Using Antibiotics Wisely to Reduce Resistance

Using Antibiotics Wisely to Reduce Resistance

The growing problem of antimicrobial resistance has led to calls for antimicrobial stewardship programmes to
control antibiotic use in healthcare settings. Available estimates indicate that between 30% and 50% of
antibiotic use is inappropriate. Improper utilisation of antimicrobials often leads to increased costs, widespread
antimicrobial resistance and medication errors

Modern Medicine – April 2018

Thunderclap Headache When the risk of doing nothing is too high

Thunderclap Headache When the risk of doing nothing is too high

The cause of thunderclap headache should be considered to be aneurysmal subarachnoid haemorrhage
until proven otherwise. The diagnostic work up involves urgent non-enhanced CT of the brain (with
CT angiography if immediately available), then possibly a lumbar puncture, then cerebral arterial and venous
imaging with either MRI or CT if each preceding investigation has yielded a normal/negative result.
Reversible cerebral vasoconstriction syndrome is usually characterised by recurrent thunderclap headaches
and multifocal, multi-vessel segmental cerebral artery vasoconstriction that usually resolve within 12 weeks.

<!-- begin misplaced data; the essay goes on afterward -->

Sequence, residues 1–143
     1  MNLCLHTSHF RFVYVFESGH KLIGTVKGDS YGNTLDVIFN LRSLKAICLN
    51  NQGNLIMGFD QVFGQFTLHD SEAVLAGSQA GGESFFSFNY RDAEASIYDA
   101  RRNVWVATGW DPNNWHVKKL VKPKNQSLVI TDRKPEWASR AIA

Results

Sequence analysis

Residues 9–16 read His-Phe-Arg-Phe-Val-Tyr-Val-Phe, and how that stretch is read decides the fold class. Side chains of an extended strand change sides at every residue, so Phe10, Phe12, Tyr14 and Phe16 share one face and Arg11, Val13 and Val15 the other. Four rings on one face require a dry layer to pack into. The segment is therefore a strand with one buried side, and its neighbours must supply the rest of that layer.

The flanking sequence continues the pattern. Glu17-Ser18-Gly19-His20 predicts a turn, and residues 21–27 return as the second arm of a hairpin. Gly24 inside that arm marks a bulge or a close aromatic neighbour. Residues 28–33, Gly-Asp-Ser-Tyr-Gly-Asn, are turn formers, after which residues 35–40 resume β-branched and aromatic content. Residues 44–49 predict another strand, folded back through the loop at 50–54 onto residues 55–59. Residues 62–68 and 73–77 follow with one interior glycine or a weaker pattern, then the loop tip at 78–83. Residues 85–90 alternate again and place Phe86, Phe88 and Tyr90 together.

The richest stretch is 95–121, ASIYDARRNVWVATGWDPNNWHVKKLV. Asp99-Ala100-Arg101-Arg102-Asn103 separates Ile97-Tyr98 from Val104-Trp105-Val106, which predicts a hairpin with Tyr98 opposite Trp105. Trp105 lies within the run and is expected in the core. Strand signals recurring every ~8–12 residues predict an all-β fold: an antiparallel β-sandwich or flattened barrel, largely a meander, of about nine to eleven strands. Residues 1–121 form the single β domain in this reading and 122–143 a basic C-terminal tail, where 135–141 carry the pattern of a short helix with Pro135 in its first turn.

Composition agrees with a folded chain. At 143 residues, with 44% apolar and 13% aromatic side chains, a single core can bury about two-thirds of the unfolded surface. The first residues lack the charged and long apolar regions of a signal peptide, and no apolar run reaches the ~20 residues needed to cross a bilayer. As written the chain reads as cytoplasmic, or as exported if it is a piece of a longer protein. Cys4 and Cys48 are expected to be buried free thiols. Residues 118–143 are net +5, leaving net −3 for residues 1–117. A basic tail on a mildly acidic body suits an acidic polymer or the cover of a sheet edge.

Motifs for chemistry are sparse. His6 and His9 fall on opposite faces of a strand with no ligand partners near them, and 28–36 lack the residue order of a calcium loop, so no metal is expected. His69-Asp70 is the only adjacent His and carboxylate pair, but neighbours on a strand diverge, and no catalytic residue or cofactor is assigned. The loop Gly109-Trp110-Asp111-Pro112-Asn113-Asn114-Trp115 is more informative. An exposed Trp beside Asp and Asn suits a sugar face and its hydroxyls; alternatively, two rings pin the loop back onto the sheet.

It can be associated with neurological complications including intracerebral haemorrhage and cerebral
ischaemic infarctions.

Modern Medicine – April 2018

Diagnosing Bacterial Conjunctivitis

Diagnosing Bacterial Conjunctivitis

Although the ocular surface resists bacterial infection through a variety of mechanisms, conjunctival infection
can occur when an organism is able to overcome the host’s resistance. Host resistance can be impaired in
disease states, in immunocompromised patients or following trauma. Most common bacterial pathogens can
cause conjunctivitis. Bacterial conjunctivitis (BC) can be classified as hyperacute, acute and chronic.

Modern Medicine – April 2018

Be True to Yourself if You’re Going to Serve as an Expert Witness

Be True to Yourself if You’re Going to Serve as an Expert Witness

The medico-legal expert witness space appears to have started to
become rather crowded in recent years, with an increasing number of
health professionals believing this to be a desired area of practice,
some virtually immediately postgraduation. As the pool of alleged expertise
grows however, so too do the risks to the reputation of the professional
domain under which an expert is registered and the quality of the
evidence provided if the duties of an expert witness are not properly
respected and understood.

Modern Medicine – April 2018

March 2018 Edition

We welcome you to come and read through our latest, March, edition of Modern Medicine.

This month we have a jam packed edition for you. Our features this month include; Opthalmology, Cardiology, Woundcare, Neurology & CNS and many more.

We encourage all of our readers to complete the CPD questionnaire for this edition, this can be done on the answer-form included in the magazine, or on our website CPD system.

Modern Medicine, the journal that’s with you wherever you go.

Chronic Pain, Opioids and Dependence A role for every GP

Chronic Pain, Opioids and Dependence A role for every GP